Current and future drought and water issues will be the main topic of discussion at the April 12, meeting of “It Blew So Hard: The Dust Bowl and Great Depression in Western Kansas” The meeting will be held at the Kinsley Library from 2-5 p.m. and is free and open to the public.
“Our best bulwark against another ecological crisis on the Plains remains our collective knowledge” highlighted the exhibit, “Dust Drought, and Dreams Gone Dry” recently displayed at the library.
“It is very appropriate that this historical series on the Dust Bowl era end with an examination of how we face a future of decreasing water resources,” said Joan Weaver, Kinsley Library Director. “We invite everyone to attend this informative discussion even if they have not been a participant of our winter series.”
A panel of four speakers will give insight on how Kansans will face current and future droughts, limited supplies of ground water, and the depletion of the aquifer. The panel will be moderated by the series discussion leader, Dr. Leo E. Oliva.
Among the presenters will be Richard Basore who will talk on “Drought Effects on Surface Water”. Basore is the Watershed Field Coordinator for the Kansas Department of Health and Environment with offices in Wichita.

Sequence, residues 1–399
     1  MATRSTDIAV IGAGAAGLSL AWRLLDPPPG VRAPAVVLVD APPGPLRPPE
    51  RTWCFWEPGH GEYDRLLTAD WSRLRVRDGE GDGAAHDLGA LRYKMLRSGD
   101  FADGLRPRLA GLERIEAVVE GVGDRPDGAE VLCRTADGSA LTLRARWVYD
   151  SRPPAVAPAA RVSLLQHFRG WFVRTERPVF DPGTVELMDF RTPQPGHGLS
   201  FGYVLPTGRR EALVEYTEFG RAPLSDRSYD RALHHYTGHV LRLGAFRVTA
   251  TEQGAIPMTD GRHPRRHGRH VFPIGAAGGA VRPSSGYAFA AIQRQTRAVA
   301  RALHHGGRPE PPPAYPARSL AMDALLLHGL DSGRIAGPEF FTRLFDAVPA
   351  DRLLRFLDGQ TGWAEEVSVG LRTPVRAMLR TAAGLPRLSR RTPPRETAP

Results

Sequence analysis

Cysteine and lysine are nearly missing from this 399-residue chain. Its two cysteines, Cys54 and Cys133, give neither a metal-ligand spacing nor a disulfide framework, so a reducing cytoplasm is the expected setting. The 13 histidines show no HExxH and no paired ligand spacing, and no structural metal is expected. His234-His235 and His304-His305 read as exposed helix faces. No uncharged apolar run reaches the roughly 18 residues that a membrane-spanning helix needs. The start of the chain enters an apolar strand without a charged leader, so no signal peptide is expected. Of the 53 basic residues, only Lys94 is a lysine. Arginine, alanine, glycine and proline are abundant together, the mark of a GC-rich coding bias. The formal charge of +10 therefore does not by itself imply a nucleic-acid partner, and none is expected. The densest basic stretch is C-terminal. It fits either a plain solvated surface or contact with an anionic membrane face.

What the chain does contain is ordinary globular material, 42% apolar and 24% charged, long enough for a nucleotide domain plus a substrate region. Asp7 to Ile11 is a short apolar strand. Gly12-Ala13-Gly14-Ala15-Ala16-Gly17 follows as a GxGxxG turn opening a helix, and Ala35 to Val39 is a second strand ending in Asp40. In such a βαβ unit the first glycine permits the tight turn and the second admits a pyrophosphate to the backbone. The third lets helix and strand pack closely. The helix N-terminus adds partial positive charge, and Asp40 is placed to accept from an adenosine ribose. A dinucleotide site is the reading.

John Holman, Cropping Systems Agronomist of the Southwest Research and Extension Center in Garden City will speak on rainfall records in western Kansas.
Richard Wenstrom will provide a brief history of irrigation development. He is a licensed engineer, Edwards County irrigation farmer, and board presidents of the Water Protection Association of Central Kansas,
Jeff Lanterman, Water Commissioner, Division of Water Resources, in the Stafford Field Office completes the panel and will address water rights and some of the issues that occur regarding rights.
For more information about the program contact the Kinsley Library, 620-659-3341, or email firstname.lastname@example.org.
The discussion series is being partially funded by the Kansas Humanities Council, a nonprofit organization that supports community-based cultural programs, serves as a financial resource through an active grant-making program, and encourages Kansans to engage in the civic and cultural life of their communities. For more information, visit www.kansashumanities.org.